Federal Reserve officials are gathering more information about the trading position that led to a $2 billion loss at JPMorgan Chase & Co., which they have known about for several weeks, according to a person familiar with the matter.
Fed officials don’t view it as their role to approve or reject individual trades at banks, the person said. Rather, their job is to ensure the firms have sufficient capital to withstand losses, said the person, who wasn’t authorized to discuss the matter and asked not to be identified.
JPMorgan Chief Executive Officer Jamie Dimon announced the “egregious” trading loss yesterday, two months after the biggest U.S. bank by assets passed a Fed stress test that put its loans and securities through a scenario of deep recession and a simulated global financial market shock.
“This is the way the system should work,” said Mark Calabria, a former Senate Banking Committee staff member and now director of financial regulation studies at the Cato Institute in Washington. “The capital should be there to actually absorb losses.”
The U.S. Securities and Exchange Commission opened a preliminary investigation into JPMorgan’s disclosures related to the trades, according to a person briefed on the probe who spoke on condition of anonymity because the matter isn’t public.
JPMorgan’s announcement points to gaps in the Fed’s enforcement of governance and risk management, said Robert Eisenbeis, a former research director at the Atlanta Fed.
‘Watching the Store’
“The fact that Jamie Dimon could come out and make some of those statements” raises “lots of questions about who was watching the store,” said Eisenbeis, who is now chief monetary economist at Sarasota, Florida-based Cumberland Advisors. The Fed “ought to be going in and looking at the internal controls and monitoring procedures that the institution is taking, and stress those.”
Krishna Guha, a spokesman for Federal Reserve Bank of New York, JPMorgan’s regulator, declined to comment. JPMorgan spokesman Joseph Evangelisti also declined to comment.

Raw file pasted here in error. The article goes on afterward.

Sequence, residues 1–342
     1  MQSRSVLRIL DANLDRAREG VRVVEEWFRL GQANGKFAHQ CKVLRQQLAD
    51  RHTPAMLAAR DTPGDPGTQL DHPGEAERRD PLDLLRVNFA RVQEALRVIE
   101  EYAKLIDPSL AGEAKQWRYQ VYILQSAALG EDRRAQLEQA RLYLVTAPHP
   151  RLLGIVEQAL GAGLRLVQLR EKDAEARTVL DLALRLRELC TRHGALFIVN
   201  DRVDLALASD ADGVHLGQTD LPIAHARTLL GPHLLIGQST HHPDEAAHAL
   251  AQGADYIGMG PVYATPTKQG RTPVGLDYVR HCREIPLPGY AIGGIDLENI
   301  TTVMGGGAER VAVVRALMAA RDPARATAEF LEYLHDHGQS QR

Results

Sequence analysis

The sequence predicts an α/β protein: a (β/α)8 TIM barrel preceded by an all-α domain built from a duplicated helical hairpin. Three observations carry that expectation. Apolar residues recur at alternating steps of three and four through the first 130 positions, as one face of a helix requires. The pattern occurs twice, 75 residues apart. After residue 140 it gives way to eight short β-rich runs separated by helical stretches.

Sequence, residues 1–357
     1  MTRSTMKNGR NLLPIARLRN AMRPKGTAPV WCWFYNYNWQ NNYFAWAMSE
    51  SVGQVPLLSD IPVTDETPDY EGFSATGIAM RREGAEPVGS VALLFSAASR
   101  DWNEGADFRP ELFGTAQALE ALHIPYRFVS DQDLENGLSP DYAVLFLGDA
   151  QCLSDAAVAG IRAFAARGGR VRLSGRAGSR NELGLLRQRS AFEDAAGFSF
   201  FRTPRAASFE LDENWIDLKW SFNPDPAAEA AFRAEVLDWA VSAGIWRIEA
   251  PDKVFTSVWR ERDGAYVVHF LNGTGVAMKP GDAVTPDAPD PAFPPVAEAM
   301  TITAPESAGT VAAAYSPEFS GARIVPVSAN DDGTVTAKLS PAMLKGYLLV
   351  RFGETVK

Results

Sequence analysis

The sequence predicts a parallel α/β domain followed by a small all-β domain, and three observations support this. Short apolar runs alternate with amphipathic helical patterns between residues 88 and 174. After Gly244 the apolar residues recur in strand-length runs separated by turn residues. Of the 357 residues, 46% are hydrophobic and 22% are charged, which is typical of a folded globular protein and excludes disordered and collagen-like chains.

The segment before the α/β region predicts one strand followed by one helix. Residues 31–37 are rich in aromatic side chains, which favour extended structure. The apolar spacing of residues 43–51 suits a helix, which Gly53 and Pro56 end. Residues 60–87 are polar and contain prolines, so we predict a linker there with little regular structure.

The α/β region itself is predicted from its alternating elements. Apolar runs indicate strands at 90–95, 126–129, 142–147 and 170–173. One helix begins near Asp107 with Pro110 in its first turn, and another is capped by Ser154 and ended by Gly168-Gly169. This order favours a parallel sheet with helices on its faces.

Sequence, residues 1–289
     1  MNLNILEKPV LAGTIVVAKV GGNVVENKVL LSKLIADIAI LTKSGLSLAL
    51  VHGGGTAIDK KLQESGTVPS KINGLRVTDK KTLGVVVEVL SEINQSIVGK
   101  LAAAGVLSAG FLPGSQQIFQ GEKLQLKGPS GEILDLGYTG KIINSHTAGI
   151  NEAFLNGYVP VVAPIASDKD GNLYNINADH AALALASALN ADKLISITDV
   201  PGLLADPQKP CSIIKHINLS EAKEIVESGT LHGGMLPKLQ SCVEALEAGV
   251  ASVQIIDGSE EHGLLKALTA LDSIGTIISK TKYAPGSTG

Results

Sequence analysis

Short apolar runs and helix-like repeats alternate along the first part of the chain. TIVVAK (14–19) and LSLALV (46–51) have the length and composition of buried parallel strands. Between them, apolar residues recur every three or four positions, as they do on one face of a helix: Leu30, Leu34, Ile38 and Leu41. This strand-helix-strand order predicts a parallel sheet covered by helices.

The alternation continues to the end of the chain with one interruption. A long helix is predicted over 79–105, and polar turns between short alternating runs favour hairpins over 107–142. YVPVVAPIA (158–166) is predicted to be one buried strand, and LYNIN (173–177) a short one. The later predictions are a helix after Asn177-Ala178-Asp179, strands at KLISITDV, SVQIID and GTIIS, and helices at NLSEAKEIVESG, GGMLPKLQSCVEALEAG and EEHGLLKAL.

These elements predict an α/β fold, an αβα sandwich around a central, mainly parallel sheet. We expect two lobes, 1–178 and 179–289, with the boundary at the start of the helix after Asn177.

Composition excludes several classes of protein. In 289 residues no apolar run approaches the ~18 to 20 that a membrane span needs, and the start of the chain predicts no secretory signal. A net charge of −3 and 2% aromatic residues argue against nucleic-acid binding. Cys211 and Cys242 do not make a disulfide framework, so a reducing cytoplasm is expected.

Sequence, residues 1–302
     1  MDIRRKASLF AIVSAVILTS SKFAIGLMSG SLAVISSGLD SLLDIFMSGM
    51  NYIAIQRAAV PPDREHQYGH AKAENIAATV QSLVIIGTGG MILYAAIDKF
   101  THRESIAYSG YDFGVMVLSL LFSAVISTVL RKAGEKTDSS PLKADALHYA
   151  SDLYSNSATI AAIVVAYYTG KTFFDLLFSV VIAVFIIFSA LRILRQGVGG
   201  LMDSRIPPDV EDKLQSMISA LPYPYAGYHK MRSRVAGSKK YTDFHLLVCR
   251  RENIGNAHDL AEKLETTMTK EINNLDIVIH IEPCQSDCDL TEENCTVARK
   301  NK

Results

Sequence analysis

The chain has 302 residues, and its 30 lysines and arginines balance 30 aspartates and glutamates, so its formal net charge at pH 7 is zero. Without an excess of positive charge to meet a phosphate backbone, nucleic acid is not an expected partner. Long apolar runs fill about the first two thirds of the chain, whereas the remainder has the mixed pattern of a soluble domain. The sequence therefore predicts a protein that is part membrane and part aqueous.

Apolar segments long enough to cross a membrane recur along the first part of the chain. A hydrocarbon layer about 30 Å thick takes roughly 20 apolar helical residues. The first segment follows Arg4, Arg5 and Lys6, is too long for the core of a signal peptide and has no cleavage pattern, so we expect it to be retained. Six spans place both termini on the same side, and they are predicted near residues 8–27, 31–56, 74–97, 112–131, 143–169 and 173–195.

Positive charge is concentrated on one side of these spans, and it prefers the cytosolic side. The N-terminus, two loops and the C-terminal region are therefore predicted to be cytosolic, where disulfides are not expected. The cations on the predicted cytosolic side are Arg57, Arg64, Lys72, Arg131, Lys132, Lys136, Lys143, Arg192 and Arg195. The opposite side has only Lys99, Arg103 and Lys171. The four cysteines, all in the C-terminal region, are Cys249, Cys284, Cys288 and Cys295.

The Financial Stability Oversight Council, a group of regulators charged with preventing a financial crisis, wasn’t convened to discuss the JPMorgan loss and had no plans to meet, said a Treasury Department official who declined to be identified. The council is chaired by Treasury Secretary Timothy F. Geithner and includes Fed Chairman Ben S. Bernanke.
JPMorgan’s tier 1 common capital ratio, a measure of capital strength tracked by the Fed, never dipped below 5 percent in the 2012 stress scenario despite a hypothetical $28 billion in trading and counterparty losses and $56 billion in loan losses, according to results of the stress tests released on March 13.
“I don’t think this particular number is big enough to get in the way of the capital buffers that JPMorgan has,” Robert Engle, winner of the Nobel Prize in economics, said of the $2 billion loss.
“We think of JPMorgan as being one of the more systemic institutions because it is so big,” said Engle, a professor at New York University’s Stern School of Business, who helped develop a model of systemic risk at the school’s Volatility Lab. “But because it is big, a loss like this is not going to bring it to its knees.”
JPMorgan shares fell 9.3 percent to $36.96 at the close of trading today in New York. The KBW Bank Index of 24 financial stocks was down 1.2 percent to 46.40.
Separately, the Commodity Futures Trading Commission, the main U.S. derivatives regulator, has been reviewing JPMorgan’s derivatives trading activities since last month, according to another person who was briefed on the matter.
The CFTC hasn’t opened an enforcement action against the bank, according to the person, who spoke on condition of anonymity because the review is private.